Editorial: A Strong Economy And a Good Defense
If Indonesia hopes to be a top 10 global economy and a major regional player, it must be able to flex its military muscle when it has to. Strengthening our defenses must be a top priority.
Given the changing geopolitical landscape in the Asia Pacific, such a capability will be even more critical. India and China have been building their military strength for the past decade as their economic interests have also expanded.
Indonesia too must be able to project military power beyond its immediate shores to protect its strategic economic interests. For too long — since the 1997-98 financial crisis — the country has not been able to invest what it should on its military.
But as the economy has grown robustly in the past few years, the country now has the financial resources to do so. Thus the announcement by the US government that it has proposed selling air-to-surface missiles to equip Indonesia’s growing fleet of US-built F-16 fighter aircraft is welcomed.
The sale, valued at $25 million, would further strengthen US-Indonesia military ties at a time of growing tension in the South China Sea. The deal, if it goes through, would be beneficial to both nations as the United States needs to boost its security ties with friends and allies in a region stirred by China’s growing military clout and territorial assertiveness.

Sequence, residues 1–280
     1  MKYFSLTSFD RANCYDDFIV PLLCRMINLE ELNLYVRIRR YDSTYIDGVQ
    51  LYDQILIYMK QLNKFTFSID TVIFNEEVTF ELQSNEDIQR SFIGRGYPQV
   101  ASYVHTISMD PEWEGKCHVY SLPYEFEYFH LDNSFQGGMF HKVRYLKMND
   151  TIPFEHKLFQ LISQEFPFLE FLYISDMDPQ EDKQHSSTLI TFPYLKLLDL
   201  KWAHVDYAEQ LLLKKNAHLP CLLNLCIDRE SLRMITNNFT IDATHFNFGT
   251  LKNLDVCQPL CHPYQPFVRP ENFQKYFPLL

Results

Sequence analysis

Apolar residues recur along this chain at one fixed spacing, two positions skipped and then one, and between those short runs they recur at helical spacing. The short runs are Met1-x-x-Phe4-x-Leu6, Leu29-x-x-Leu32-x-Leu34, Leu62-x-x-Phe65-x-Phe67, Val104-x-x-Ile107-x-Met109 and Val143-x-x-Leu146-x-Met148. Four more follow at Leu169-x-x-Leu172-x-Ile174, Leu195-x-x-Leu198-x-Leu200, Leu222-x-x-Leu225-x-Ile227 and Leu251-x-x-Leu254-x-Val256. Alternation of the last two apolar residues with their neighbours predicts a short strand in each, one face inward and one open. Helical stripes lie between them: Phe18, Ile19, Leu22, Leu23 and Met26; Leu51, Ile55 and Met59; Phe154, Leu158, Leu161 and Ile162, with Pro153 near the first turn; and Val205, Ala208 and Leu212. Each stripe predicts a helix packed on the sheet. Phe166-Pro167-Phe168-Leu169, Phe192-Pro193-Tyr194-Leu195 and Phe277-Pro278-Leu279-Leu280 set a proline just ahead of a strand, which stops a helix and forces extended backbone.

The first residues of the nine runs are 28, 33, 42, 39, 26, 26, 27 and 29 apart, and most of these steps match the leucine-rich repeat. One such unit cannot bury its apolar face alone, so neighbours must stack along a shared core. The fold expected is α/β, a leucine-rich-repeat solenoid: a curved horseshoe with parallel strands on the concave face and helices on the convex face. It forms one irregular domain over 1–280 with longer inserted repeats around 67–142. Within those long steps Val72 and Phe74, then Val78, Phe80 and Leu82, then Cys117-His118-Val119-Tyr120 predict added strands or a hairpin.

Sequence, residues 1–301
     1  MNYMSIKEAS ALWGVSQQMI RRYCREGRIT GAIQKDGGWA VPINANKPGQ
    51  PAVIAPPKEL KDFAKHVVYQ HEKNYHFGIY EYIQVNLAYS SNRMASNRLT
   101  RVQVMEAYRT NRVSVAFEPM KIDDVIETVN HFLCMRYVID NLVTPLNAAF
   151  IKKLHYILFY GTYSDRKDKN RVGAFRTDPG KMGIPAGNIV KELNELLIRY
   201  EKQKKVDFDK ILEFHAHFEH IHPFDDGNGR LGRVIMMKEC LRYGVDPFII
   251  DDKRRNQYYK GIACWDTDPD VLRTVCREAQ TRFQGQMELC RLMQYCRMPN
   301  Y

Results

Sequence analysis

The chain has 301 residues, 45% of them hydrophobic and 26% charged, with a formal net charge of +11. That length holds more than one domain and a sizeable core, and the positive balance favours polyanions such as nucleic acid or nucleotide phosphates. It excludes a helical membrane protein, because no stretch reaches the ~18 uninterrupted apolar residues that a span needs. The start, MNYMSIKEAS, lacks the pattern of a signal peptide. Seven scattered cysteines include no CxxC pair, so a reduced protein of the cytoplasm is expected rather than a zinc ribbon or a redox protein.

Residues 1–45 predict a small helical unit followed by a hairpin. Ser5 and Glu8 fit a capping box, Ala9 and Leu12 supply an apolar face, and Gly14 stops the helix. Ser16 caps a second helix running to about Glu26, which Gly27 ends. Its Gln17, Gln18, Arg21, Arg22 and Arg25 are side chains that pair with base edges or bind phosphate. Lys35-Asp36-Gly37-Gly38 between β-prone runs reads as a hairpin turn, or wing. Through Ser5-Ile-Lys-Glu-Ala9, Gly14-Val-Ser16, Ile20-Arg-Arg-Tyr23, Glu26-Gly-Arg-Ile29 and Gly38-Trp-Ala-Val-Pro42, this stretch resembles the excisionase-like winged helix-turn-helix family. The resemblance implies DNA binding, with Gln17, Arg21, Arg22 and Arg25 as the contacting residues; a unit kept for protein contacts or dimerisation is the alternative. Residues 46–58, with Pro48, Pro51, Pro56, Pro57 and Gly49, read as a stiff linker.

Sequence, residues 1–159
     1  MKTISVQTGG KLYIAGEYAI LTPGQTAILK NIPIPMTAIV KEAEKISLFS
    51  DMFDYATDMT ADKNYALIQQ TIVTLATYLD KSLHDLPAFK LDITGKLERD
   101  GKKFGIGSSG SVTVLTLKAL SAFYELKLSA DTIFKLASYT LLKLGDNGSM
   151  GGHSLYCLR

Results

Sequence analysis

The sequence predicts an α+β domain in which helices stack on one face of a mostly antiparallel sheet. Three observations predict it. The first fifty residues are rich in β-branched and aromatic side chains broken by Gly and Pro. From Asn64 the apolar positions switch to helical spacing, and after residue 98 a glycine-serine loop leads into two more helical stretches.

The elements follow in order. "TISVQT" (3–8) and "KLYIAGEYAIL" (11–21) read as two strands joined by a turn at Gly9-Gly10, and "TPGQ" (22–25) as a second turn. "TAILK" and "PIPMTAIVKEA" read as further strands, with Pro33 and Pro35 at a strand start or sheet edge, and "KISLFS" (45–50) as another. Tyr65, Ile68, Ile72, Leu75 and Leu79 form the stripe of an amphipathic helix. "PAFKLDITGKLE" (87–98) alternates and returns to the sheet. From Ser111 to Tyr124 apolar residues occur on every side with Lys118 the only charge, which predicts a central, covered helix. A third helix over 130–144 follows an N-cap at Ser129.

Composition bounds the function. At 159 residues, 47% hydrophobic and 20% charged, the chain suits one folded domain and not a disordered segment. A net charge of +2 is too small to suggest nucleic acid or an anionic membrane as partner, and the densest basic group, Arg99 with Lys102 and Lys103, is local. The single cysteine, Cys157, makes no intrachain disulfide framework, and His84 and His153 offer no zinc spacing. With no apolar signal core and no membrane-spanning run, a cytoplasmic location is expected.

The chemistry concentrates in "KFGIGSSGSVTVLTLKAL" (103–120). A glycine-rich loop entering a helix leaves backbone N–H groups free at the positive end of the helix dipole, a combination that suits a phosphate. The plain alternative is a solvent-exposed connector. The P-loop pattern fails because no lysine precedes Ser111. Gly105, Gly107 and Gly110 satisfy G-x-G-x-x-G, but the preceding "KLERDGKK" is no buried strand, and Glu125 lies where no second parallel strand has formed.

Forging closer military ties with the United States is strategically important given that the United States still provides a security umbrella for the region and Indonesia will require more military hardware to further upgrade its armed forces going forward.
As the Asia Pacific becomes a major theater for superpowers as economic gravity shifts from West to East, each nation in the region has to determine its own strategy in dealing with the unfolding landscape. As the largest country in Southeast Asia and one of the largest economies in Asia, Indonesia must be able to influence events in the region. Sufficient military might is an important component.